"Water's good. How are you?"
"I'm great. You've really got them spun up in the back."
"Sorry about that. Back to your given name?"
"I decided Taylor was more professional."
"I like it."
"Are you going to eat something?" she asked. "Or are you only checking up on me?"
"I'm hungry and I did say I'd be checking on you. I want to know how you're doing."
Taylor brushed the sides of her skirt with her fingers. "Do you know what you want?"
"I usually get a steak sandwich," he said, "but what do you suggest?"
"What do you like?"
"I'm pretty flexible."
"Did you know I get to eat samples of each item on the menu so I know what they taste like?"
"I didn't. That sounds neat."
"It is, so far," Taylor said. "You like Chicken Marsala?"
"I think so."
"Think your floor manager would let you take a break to sit with me while I eat? I hate eating alone."
"I'll ask," Taylor said, and she added in a whisper. "But you're a big fat liar."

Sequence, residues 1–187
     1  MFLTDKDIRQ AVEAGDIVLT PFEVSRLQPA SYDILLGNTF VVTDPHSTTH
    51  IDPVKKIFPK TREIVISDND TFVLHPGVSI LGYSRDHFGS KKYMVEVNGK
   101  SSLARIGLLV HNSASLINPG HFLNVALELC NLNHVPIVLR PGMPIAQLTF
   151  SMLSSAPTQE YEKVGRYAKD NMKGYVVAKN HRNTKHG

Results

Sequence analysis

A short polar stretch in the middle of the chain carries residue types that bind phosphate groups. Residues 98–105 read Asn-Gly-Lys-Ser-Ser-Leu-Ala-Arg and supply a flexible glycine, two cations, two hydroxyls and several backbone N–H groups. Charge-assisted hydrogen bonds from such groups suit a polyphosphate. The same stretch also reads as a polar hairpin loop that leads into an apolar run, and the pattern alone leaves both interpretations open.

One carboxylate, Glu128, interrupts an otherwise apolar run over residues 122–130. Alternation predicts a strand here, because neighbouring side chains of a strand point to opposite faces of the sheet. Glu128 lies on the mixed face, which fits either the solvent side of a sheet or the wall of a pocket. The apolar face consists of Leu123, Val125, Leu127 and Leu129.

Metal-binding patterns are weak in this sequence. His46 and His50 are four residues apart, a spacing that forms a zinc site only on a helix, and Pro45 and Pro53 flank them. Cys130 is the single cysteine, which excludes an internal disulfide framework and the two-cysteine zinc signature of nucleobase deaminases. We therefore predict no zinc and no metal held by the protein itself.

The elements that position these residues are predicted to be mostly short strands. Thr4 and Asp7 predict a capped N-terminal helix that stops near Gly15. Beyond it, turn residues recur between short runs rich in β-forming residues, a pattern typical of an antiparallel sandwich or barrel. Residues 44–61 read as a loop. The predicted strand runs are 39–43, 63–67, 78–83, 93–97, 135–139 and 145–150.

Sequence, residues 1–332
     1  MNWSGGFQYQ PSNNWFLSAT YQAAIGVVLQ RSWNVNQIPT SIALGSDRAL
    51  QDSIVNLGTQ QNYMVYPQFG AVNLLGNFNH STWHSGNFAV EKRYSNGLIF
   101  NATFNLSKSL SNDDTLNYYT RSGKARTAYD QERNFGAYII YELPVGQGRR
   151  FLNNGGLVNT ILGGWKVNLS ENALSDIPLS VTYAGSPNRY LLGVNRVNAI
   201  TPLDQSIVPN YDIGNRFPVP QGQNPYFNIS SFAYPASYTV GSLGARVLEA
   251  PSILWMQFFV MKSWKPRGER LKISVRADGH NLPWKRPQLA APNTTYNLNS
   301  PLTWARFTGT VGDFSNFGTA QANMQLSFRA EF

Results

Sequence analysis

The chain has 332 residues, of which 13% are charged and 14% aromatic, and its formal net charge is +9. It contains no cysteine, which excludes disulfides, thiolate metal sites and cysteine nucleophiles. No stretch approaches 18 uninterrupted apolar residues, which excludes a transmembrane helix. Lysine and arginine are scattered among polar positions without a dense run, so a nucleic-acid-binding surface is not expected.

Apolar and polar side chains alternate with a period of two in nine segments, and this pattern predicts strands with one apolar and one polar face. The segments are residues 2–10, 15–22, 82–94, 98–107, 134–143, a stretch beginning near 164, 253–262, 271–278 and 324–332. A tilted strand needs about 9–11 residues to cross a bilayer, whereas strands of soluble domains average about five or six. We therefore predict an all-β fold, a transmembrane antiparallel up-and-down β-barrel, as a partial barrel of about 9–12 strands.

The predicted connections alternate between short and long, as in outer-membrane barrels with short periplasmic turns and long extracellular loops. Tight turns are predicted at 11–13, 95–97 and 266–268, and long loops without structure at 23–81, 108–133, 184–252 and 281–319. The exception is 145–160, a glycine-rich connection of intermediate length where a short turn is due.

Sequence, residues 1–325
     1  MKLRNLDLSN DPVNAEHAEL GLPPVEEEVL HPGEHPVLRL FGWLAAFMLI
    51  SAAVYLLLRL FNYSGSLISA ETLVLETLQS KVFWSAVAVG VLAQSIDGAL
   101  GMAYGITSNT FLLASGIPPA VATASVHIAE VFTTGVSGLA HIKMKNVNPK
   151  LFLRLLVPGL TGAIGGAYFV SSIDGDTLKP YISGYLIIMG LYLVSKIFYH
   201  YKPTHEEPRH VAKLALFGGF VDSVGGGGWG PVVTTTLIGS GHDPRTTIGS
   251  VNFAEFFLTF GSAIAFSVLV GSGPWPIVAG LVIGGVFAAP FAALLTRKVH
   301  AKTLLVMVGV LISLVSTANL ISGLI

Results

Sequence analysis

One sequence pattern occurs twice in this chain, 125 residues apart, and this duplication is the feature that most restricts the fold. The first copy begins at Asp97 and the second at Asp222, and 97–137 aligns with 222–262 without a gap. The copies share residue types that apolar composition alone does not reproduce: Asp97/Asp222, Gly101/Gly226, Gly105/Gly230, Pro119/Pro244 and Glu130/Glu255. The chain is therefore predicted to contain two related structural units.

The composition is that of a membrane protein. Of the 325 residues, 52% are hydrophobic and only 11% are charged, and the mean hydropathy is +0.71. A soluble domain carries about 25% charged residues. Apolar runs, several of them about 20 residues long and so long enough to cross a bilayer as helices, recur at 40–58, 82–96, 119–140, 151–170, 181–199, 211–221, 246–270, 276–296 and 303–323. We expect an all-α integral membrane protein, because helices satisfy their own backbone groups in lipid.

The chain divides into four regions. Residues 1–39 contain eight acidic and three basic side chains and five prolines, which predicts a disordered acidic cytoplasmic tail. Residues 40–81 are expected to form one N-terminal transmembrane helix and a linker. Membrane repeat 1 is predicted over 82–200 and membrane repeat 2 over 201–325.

"You eat alone all the time, and you own this place. That job interview was a setup."
"Hey, Shirl does the hiring and the firing. I got you an interview and maybe a good reference, what happens after is on you. She says you're good at this, by the way."
"Well," Taylor said, "okay then. I'll be back with your bread. It comes free with your meal."
She turned and almost skipped to the kitchen.
If she could harness all her energy and personality in one focused direction, he figured she was going to be unstoppable.
Taylor was back with a breadbasket and informed him that she could take a short break for dinner. He nibbled on the bread and ignored the curious faces that peeked out of the kitchen to sneak looks at him. The dining crowd interested him. They were a healthy mix of young and old, which surprised him. Most of the college crowd wouldn't be back until after the break.
Taylor arrived with his main course, glanced around, and sat opposite of him.